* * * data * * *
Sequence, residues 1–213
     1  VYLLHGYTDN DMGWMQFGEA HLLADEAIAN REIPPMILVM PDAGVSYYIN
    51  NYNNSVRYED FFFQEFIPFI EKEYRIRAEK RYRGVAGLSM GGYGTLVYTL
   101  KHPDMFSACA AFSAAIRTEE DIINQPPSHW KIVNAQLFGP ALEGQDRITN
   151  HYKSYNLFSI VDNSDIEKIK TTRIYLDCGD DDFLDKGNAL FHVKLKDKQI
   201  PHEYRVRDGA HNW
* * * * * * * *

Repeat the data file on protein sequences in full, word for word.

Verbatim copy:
Sequence, residues 1–213
     1  VYLLHGYTDN DMGWMQFGEA HLLADEAIAN REIPPMILVM PDAGVSYYIN
    51  NYNNSVRYED FFFQEFIPFI EKEYRIRAEK RYRGVAGLSM GGYGTLVYTL
   101  KHPDMFSACA AFSAAIRTEE DIINQPPSHW KIVNAQLFGP ALEGQDRITN
   151  HYKSYNLFSI VDNSDIEKIK TTRIYLDCGD DDFLDKGNAL FHVKLKDKQI
   201  PHEYRVRDGA HNW